Browse Prior Art Database

REFLECTING VESICULAR HALFTONE SCREENS

IP.com Disclosure Number: IPCOM000023512D
Original Publication Date: 1977-Dec-31
Included in the Prior Art Database: 2004-Mar-31
Document File: 2 page(s) / 205K

Publishing Venue

Xerox Disclosure Journal

Abstract

It is disclosed to use halftone patterns or random patterns (including lines) made of non-absorbing scattering materials for range extension and solid area enhancement in electro-photographic copying. The scattering material will appear white when backed by a white area and varying shades of gray as the copy density increases. The amount of scattering can be adjusted so that the blackest areas in the copy just copy black while any lesser density will copy as neutral. Even in the blackest areas the exposure will produce a charge pattern on the photoconductor which will result in solid area develop-ment,

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XEROX DISCLOSURE JOURNAL

REFLECTING VESICULAR HALFTONE Proposed Classification
SCREENS U~S. Cl~ 96/27E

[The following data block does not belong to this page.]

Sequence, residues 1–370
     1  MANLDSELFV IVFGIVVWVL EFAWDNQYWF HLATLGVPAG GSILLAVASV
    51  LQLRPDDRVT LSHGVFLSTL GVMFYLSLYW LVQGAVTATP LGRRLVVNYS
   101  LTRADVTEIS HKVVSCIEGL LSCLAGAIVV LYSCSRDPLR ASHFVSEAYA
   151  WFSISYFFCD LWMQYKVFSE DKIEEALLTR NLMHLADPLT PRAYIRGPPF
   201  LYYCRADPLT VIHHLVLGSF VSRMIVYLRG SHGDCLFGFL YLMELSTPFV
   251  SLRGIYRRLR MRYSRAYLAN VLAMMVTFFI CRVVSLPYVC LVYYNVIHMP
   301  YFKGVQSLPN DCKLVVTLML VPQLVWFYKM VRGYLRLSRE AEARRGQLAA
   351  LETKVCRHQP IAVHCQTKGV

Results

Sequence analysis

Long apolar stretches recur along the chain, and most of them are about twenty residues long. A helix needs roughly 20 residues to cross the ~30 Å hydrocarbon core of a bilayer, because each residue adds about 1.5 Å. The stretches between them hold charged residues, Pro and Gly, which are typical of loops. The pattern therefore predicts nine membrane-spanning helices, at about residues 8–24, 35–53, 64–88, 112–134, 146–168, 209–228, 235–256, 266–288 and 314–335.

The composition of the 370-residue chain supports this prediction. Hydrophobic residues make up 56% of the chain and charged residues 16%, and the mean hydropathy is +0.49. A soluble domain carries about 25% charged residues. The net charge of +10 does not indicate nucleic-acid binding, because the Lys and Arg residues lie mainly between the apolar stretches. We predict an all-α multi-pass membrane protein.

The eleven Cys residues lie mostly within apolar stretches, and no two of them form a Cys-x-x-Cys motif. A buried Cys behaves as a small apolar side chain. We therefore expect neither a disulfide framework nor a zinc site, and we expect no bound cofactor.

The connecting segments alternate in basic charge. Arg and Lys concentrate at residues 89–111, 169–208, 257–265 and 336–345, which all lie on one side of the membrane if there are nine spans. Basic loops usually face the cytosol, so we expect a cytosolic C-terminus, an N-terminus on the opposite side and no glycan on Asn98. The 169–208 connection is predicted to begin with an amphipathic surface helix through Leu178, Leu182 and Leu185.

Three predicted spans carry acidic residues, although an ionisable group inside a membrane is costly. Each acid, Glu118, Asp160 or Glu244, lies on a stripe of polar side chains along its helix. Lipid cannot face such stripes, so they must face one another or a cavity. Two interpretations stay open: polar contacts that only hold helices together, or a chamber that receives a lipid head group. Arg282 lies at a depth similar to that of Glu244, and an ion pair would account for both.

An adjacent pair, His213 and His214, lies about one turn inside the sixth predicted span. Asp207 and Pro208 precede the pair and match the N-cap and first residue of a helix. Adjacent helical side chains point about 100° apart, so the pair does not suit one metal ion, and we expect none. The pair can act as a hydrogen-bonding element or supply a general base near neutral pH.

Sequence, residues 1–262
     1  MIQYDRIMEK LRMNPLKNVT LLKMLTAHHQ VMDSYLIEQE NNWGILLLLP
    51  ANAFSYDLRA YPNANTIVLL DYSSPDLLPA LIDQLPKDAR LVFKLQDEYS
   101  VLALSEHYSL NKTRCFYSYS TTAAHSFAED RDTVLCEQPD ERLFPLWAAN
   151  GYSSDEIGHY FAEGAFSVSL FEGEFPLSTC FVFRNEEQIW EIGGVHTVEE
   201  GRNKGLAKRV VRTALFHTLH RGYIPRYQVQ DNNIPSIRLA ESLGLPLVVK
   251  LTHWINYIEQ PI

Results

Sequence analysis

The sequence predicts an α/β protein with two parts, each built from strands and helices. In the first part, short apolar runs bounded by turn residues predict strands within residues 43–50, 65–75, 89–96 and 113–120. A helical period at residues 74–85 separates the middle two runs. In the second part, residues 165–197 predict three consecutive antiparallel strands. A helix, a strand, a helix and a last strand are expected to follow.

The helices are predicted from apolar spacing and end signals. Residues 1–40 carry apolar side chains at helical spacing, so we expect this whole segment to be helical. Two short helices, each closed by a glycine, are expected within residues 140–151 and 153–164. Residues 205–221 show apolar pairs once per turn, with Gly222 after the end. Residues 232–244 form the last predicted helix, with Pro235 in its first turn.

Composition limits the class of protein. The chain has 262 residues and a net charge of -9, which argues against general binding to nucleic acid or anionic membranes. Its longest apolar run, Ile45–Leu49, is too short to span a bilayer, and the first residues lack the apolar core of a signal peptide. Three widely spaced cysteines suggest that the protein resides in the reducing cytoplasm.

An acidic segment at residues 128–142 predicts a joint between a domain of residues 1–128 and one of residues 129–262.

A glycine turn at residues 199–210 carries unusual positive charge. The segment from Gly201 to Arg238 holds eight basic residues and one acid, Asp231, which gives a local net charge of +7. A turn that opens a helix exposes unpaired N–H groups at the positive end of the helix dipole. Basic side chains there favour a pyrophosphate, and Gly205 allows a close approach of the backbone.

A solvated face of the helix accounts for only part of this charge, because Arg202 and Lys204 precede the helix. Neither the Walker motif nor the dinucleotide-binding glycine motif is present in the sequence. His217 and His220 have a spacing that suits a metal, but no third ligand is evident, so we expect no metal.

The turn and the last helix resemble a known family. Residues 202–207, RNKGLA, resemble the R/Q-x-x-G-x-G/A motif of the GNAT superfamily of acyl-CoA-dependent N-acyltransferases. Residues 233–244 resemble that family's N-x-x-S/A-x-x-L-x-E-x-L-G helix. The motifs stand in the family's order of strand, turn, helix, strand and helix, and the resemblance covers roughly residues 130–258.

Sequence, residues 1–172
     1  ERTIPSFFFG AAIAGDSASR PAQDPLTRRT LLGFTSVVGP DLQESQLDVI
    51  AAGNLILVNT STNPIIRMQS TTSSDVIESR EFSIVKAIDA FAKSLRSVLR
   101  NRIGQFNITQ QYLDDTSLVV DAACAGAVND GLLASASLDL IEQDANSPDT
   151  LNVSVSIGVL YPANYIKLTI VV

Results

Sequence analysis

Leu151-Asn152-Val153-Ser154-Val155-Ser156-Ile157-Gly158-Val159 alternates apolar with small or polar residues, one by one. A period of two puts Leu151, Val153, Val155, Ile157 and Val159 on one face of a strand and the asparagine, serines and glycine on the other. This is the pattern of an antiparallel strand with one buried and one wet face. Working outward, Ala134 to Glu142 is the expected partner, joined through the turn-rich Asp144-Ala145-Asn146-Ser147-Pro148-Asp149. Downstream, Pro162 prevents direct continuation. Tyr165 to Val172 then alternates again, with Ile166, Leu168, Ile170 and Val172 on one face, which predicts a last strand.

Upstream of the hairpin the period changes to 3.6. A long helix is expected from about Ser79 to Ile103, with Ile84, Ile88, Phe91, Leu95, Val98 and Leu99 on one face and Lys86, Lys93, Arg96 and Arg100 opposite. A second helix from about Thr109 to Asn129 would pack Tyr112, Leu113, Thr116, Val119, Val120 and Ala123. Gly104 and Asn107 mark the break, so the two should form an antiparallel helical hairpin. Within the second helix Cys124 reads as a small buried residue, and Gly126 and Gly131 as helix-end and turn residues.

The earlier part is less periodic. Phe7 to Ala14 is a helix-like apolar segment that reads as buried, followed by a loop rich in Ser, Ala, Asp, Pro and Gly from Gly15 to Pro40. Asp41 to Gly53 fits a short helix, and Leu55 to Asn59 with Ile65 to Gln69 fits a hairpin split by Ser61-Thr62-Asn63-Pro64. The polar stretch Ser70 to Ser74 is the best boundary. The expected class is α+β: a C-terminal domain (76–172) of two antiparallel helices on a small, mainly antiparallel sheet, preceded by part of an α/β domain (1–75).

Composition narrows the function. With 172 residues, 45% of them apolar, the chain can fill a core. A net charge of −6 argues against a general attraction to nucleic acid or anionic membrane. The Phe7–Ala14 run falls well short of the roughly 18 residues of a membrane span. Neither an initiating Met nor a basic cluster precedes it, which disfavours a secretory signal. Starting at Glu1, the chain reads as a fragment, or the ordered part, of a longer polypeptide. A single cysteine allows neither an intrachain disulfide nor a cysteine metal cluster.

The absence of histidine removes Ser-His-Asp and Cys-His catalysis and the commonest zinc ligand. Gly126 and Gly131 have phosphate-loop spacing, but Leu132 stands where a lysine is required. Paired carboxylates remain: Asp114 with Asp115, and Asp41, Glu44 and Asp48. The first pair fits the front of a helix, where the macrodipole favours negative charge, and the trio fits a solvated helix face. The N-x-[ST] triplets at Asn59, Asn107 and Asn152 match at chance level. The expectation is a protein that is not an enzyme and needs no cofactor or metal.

Warren L~ Rhodes mt. Cl~ G03c 5/04

It is disclosed to use halftone patterns or random patterns
(including lines) made of non-absorbing scattering materials
for range extension and solid area enhancement in electro-
photographic copying. The scattering material will appear
white when backed by a white area and varying shades of gray as
the copy density increases. The amount of scattering can be
adjusted so that the blackest areas in the copy just copy
black while any lesser density will copy as neutral. Even in
the blackest areas the exposure will produce a charge pattern
on the photoconductor which will result in solid area develop-
ment,

The scattering medium may be made in any transparent material
such as glass or plastic The scattering substance may be
voids, bubbles, scattering particles or roughened surfaces.
One method for producing the scattering areas is to use a
photosensitive vesicular material exposed photographically to

a patterned intermediate, Another is to produce the pattern
with a hot patterned intermediate such as a letterpress
printing plate. Any method of blushing surfaces, casting or
printing with a nonabsorbing scattering ink will produce
suitable scattering patterns.

Volume 2 Number 6 November/December 1977 23

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                    XEROX DISCLOSURE JOURNAL
24
Volume 2 Number 6 November/December 1977

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